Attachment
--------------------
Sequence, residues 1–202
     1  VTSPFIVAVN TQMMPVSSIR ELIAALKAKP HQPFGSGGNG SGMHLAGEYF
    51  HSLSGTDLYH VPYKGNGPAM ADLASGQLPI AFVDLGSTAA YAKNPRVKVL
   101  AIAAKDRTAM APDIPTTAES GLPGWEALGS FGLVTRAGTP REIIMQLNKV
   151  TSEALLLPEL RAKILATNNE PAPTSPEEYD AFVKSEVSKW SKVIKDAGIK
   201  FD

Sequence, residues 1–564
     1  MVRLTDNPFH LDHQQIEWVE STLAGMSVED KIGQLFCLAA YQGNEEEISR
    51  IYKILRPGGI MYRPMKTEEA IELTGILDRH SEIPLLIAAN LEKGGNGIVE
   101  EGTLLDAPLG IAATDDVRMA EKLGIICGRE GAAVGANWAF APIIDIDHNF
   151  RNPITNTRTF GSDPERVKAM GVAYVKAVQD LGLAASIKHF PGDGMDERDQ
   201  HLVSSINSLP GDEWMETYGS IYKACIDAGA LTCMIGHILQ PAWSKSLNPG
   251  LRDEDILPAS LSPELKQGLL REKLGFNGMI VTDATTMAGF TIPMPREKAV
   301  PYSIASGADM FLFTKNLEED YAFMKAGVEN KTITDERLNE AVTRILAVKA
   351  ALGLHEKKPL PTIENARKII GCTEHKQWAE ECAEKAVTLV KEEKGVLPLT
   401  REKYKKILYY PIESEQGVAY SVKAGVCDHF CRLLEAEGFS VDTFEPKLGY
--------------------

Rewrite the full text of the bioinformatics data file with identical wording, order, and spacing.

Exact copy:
Sequence, residues 1–202
     1  VTSPFIVAVN TQMMPVSSIR ELIAALKAKP HQPFGSGGNG SGMHLAGEYF
    51  HSLSGTDLYH VPYKGNGPAM ADLASGQLPI AFVDLGSTAA YAKNPRVKVL
   101  AIAAKDRTAM APDIPTTAES GLPGWEALGS FGLVTRAGTP REIIMQLNKV
   151  TSEALLLPEL RAKILATNNE PAPTSPEEYD AFVKSEVSKW SKVIKDAGIK
   201  FD

Sequence, residues 1–564
     1  MVRLTDNPFH LDHQQIEWVE STLAGMSVED KIGQLFCLAA YQGNEEEISR
    51  IYKILRPGGI MYRPMKTEEA IELTGILDRH SEIPLLIAAN LEKGGNGIVE
   101  EGTLLDAPLG IAATDDVRMA EKLGIICGRE GAAVGANWAF APIIDIDHNF
   151  RNPITNTRTF GSDPERVKAM GVAYVKAVQD LGLAASIKHF PGDGMDERDQ
   201  HLVSSINSLP GDEWMETYGS IYKACIDAGA LTCMIGHILQ PAWSKSLNPG
   251  LRDEDILPAS LSPELKQGLL REKLGFNGMI VTDATTMAGF TIPMPREKAV
   301  PYSIASGADM FLFTKNLEED YAFMKAGVEN KTITDERLNE AVTRILAVKA
   351  ALGLHEKKPL PTIENARKII GCTEHKQWAE ECAEKAVTLV KEEKGVLPLT
   401  REKYKKILYY PIESEQGVAY SVKAGVCDHF CRLLEAEGFS VDTFEPKLGY